Example 8.09 SLE of the System D-Carvoxime - L-Carvoxime With a Congruent Melting Point

problem:

Calculate the SLE diagram for the binary system d-carvoxime (1)–l-carvoxime (2) with a congruent melting point at a composition x1 = 0.5, Tmax = 365.15 K using
the Porter expression and the following pure component data:  general

constants

and

definitions:    input data     Solution

In a system with a congruent melting point, the components are completely miscible in both the solid and liquid phase. Again, equilibrium exists when the fugacities or activities of all components are identical in both phases. This means:  and

At the congruent melting point (maximum melting temperature of the mixture) shown in the following plot (Fig. 8.1e in the textbook) , The mole fractions of the components are identical in both phases: Using the following expression for the fugacity of the pure solid with the melting temperatures and heats of fusion given above leads to the ratio of the activity coefficients in the two phases: which means that the liquid activity coefficient is 1.432 times that in the solid phase.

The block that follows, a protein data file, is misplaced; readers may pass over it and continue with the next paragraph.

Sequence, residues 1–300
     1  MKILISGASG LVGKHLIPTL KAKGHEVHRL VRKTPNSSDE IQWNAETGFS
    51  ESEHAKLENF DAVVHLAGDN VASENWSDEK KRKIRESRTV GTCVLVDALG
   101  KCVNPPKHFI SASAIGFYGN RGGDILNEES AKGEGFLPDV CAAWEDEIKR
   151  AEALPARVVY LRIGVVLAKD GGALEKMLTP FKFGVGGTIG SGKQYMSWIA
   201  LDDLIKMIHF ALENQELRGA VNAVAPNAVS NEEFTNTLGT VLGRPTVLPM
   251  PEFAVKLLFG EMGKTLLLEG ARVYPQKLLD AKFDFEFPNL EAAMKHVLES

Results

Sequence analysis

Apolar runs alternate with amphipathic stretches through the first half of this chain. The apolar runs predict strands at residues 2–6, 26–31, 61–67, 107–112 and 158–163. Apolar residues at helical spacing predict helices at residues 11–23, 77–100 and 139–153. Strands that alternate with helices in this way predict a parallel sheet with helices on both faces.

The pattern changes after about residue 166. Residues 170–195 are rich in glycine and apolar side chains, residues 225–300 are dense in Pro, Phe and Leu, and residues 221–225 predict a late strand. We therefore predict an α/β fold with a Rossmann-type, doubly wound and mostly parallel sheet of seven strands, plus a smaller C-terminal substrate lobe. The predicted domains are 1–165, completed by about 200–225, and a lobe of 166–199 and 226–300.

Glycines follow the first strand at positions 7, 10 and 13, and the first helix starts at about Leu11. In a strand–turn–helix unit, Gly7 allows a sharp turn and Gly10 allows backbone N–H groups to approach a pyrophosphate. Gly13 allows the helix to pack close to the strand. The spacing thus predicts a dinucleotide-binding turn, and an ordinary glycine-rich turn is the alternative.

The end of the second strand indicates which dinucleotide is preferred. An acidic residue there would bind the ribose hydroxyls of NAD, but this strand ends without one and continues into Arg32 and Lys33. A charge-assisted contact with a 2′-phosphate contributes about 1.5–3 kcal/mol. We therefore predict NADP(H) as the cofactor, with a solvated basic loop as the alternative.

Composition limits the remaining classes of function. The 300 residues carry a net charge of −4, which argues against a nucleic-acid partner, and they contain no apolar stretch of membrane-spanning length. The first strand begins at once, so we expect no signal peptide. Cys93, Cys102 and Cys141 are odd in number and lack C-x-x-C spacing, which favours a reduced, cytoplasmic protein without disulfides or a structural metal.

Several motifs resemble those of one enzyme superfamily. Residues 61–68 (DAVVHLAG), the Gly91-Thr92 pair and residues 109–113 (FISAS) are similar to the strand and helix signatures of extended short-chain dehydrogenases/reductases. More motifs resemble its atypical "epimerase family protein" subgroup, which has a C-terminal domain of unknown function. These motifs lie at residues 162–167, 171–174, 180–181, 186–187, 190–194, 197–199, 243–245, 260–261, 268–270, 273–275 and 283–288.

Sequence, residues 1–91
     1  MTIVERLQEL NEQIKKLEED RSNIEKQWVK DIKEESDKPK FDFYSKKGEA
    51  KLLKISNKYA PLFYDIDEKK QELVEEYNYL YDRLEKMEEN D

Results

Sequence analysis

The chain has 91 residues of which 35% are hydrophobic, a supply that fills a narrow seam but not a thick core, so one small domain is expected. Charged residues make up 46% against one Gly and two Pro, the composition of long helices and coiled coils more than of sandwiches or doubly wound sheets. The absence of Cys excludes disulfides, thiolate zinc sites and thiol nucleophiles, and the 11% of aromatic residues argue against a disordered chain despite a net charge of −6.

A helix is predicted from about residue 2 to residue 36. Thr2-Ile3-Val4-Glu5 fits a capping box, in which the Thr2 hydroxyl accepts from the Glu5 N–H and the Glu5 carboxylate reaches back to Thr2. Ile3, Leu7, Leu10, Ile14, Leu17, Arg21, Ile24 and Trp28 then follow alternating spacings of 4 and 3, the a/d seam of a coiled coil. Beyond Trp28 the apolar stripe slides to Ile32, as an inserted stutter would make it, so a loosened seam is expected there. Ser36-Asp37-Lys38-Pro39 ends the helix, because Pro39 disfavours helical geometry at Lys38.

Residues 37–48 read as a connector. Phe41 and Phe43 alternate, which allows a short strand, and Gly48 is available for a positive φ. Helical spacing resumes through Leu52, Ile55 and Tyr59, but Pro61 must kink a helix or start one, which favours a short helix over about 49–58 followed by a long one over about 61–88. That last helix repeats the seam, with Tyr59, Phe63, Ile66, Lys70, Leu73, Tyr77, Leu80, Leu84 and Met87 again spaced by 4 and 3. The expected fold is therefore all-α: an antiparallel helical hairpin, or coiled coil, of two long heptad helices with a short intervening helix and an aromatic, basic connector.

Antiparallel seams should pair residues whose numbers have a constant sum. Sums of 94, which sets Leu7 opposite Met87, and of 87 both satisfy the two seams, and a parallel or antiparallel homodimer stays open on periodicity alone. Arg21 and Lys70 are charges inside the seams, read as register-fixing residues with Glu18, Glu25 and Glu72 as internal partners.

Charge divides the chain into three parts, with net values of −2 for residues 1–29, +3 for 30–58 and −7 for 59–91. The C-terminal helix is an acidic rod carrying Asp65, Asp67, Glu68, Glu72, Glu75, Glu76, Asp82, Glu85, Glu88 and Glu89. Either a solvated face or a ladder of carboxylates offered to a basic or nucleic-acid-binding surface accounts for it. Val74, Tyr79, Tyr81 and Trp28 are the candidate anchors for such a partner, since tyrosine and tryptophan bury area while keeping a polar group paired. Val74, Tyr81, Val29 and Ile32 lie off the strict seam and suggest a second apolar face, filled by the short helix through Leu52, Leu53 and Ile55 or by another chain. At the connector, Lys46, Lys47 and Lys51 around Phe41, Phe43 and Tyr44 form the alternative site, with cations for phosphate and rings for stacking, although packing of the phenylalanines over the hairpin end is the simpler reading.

We can use the simple Porter expression as a gE-model for both phases:  with the parameters AL and AS for the liquid and solid phase mixture.

It than holds that With the mole fraction at the congruent melting point equal to 0.5, we obtain:  For this mixture of optical isomers, we can safely assume ideal liquid mixture behavior, which leads to negative deviation from Raoult's law in the solid phase:  In this case the activity of a component in the liquid is identical to its liquid mole fraction and can be calculated as: At the correct equilibrium temperature, the summation condition for the mole fractions in the liquid must be met: (starting temperature for root function)  Using these functions, graphical representations of the phase equilibrium can be generated.